The World Bank released its Female Entrepreneurship Resource Point Report which said that female entrepreneurs cannot make investments for a prolonged period. The reason given was the short-term nature of the loans that they take for their businesses. They rely on loans from family and friends and their own savings or micro-loans to survive their businesses. Another survey by Kauffman Foundation found that approximately 80% of female tech startup founders exhaust their personal savings as the primary source of funding.

Let’s break down the VC Funded Startups in 2021 based on gender

In the US, the female-founded companies, too, got the lowest funding in 2021 since 2016- only 2% of the $330 billion invested by the VCs!

The funding however, received by the female entrepreneurs, is typically capital for conventional “feminine” areas, such as children’s products and fashion.

The Obstruction

As to why women don’t receive VC funding for their businesses, there are many reasons given by the analysts and people in the game. 

First, we live in a man’s world. Similar to the manufacturing sector, where one in three manufacturing professionals is female and 25% of leaders are female, the Private Equity and Venture Capital (PEVC) business slackens historically male-dominated industries. Also, it lags the infrastructure sector, where women hold 19% of senior posts, according to the Organisation for Economic Co-operation and Development (OECD).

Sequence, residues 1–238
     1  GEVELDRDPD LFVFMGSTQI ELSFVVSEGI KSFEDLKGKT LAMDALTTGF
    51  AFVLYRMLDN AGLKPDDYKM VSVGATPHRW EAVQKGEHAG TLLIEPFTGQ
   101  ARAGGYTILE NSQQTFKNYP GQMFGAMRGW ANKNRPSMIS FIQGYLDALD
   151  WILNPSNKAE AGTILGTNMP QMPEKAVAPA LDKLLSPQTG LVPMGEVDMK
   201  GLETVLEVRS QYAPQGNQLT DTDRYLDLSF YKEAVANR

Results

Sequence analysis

Second, Venture Capitalists fund businesses that prima facie seem like VC-backed businesses, and businesses started by females don’t have that. 

Third, women-led businesses are expected to be in areas where growth is smaller and steep, unlike technology, where the growth expectancy is comparatively high.   

Apart from these direct reasons, there are subconscious biases that put women on the backfoot. The perception of women as professionals and work and their primary role as a homemaker and child-bearer, the traditional stereotypes make investors pause for a moment and rethink their choices before funding a female-founded startup.

The way forward                     

Female Content (FemCon), sounds like CanCon – The Canadian Content, does it not? Just like the Canadian Radio-Television and Telecommunications Commission (CRTC) took a step forward to increase the representation of Canadian artists in the industry by introducing a system called Multi-Agent Planning Language (MAPL). These were points made based on the content created by artists at different positions, such as the Music Writer, the performer, the place of performance, etc.

So, for setting up a similar percentage or minimum requirement for a “female-led business”, a similar model can be implemented. The basis of the measurement shall go as:

  • Whether the founder of the firm is a woman or a man,
  • What is the representation of women in the R&D team?
  • Number of females holding executive positions
  • How many members of the Board of Directors and Advisory Board are women?

If the firm has a separate section of the business dedicated to only women-centered problems and delivers a solution to them, which would be a cherry on the top.

Considering all the points while qualifying the business as “female-led” shall be a too narrow approach. Rather, it should depend on the industry in which the company lies as well as the Investors’ priorities.

To conclude, the model cannot be too rigid, nor can it be put on hold. For a country to compete on a Global level, strong representation of women in all areas today, is nothing but a need.